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Ammonia from natural gas production found in Wyoming’s Powder River
Released: 4/28/2009 6:03:11 PM

Contact Information:
U.S. Department of the Interior, U.S. Geological Survey
Office of Communication
119 National Center
Reston, VA 20192
Marisa Lubeck 1-click interview
Phone: 303-202-4765

Richard Smith 1-click interview
Phone: 303-541-3032

New U.S. Geological Survey research indicates that ammonia from water used in the production of natural gas from underground coal beds in Wyoming is entering the Powder River.

"High concentrations of ammonia are toxic, particularly at some of the higher pH values found in these discharged waters," said USGS scientist Richard Smith. "Even low concentrations of ammonia can fertilize pristine rivers as added nitrogen, causing unwanted plant and algal growth."

Natural gas can be brought to the surface by pumping groundwater from gas-containing coal beds, an economically viable method of energy production. However, in addition to natural gas, this groundwater drawn from wells contains ammonia, which is often subsequently released back into the natural drainage.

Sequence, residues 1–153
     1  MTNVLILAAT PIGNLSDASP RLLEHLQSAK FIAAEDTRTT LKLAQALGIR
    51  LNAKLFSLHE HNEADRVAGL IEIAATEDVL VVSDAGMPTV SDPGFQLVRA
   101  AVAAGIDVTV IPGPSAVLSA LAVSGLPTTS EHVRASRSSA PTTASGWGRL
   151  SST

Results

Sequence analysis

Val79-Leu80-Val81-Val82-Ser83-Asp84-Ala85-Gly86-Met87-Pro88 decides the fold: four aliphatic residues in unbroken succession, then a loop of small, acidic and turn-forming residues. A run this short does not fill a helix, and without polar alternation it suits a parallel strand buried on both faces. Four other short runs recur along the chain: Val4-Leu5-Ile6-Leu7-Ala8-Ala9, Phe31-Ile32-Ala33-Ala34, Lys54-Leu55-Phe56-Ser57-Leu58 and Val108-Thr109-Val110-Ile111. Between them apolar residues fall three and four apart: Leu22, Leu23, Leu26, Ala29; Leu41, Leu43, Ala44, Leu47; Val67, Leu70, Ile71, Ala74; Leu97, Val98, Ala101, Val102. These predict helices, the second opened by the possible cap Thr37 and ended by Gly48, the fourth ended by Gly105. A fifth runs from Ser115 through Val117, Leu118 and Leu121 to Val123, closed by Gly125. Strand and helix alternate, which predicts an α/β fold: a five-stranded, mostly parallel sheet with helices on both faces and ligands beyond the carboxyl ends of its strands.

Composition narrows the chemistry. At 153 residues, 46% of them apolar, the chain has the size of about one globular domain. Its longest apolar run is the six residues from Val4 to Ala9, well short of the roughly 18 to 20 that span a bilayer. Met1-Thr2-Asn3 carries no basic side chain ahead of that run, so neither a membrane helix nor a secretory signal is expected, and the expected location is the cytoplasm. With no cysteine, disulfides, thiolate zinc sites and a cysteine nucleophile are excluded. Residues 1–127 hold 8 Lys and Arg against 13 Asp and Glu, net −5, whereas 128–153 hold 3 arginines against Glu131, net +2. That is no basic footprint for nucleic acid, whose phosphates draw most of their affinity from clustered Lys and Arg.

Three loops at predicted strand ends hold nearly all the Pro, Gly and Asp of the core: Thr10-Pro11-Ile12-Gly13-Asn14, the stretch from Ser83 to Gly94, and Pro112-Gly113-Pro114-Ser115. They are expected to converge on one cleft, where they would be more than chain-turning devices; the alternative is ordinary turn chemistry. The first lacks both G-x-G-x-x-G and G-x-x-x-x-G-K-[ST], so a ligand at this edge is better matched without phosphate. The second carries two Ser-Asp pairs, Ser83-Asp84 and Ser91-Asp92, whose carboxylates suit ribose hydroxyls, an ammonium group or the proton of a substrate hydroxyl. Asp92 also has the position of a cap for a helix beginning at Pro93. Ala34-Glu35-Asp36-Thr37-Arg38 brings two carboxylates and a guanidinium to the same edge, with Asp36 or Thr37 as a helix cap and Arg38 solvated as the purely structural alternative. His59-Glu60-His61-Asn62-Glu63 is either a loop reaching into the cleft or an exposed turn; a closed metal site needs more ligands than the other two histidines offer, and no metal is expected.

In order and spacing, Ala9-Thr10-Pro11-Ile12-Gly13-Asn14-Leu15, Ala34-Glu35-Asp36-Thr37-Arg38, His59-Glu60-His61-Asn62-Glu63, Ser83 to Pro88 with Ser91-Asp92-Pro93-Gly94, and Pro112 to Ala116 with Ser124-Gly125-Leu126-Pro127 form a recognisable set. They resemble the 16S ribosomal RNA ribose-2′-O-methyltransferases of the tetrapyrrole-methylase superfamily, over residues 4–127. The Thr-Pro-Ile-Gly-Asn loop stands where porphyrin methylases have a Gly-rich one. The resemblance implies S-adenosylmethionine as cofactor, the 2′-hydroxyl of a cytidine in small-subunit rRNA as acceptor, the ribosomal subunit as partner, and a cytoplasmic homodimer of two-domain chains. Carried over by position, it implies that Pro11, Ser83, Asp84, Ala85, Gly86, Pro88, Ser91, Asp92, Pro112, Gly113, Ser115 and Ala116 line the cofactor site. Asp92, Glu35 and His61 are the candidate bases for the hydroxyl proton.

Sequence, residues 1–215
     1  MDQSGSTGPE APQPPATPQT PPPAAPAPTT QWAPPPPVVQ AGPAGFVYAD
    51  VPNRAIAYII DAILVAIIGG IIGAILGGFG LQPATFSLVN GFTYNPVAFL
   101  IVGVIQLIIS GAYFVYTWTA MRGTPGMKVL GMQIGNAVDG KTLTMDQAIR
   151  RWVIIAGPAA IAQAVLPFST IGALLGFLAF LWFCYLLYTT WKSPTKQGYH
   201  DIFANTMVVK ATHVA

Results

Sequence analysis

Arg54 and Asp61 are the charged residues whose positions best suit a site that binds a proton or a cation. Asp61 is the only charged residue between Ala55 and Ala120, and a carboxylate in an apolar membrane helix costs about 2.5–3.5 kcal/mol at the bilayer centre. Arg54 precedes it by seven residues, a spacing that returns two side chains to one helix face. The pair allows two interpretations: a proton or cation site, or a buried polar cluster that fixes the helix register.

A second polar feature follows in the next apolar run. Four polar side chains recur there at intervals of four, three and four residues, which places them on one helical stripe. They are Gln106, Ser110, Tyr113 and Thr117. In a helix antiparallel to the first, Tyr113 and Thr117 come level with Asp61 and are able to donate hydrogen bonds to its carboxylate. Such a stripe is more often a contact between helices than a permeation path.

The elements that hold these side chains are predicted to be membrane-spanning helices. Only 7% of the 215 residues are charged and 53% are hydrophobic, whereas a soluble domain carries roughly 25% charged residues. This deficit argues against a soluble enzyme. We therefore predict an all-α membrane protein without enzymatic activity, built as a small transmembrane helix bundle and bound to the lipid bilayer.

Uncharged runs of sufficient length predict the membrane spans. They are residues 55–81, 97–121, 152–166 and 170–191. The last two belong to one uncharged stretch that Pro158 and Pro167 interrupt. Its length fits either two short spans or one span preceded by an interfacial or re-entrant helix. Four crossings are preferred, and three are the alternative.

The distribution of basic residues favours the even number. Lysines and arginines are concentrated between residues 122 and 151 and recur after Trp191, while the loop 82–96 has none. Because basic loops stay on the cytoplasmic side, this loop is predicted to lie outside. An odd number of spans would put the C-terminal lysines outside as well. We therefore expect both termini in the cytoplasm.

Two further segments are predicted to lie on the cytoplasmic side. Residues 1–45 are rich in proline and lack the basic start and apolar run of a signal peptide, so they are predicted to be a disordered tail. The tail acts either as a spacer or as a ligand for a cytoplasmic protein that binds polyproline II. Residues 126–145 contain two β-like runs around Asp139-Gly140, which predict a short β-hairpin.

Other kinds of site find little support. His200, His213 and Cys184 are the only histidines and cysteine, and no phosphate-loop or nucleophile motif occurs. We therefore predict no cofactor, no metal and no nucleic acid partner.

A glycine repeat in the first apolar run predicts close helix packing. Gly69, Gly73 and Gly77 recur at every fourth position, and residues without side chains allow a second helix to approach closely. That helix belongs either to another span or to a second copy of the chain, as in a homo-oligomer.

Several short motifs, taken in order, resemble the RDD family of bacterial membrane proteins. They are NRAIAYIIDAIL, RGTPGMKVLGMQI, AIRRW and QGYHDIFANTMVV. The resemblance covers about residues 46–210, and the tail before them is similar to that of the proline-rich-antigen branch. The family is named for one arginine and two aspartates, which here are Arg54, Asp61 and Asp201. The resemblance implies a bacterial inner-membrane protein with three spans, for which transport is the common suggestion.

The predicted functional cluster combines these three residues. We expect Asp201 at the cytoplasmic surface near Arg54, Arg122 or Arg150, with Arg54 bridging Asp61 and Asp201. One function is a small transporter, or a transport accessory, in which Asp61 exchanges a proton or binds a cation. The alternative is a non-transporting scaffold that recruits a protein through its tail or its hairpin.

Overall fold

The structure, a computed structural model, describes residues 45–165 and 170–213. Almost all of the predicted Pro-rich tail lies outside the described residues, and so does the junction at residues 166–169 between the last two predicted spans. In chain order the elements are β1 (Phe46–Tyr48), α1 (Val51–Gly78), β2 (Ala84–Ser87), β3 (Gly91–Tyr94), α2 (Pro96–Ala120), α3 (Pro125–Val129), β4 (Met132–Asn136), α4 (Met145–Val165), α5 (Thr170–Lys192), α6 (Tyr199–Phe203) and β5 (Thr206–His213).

While the USGS research showed that relatively high concentrations of ammonia are draining into some areas of the Powder River as a result of this process, the research also determined that the concentrations vary according to disposal methods and natural processes occurring within the stream channel.

"The ultimate fate of the coal bed ammonia depends upon the action of plants and microorganisms living within the drainage channels receiving the discharged water," Smith said.

Ammonia concentrations in water flowing through plant-rich channels were found to be lower than in less vegetated channels. This variation is due in part to ammonia absorption by the plants and the chemical conversion of ammonia to harmless nitrogen gas by microorganisms.

Such findings provide refined scientific insight into the effects of energy production on federal lands and Western U.S. watersheds.

The USGS study is published in two parts: the first in the recent edition of the journal Environmental Science and Technology, available at; the second in a forthcoming issue of the journal Chemical Geology.

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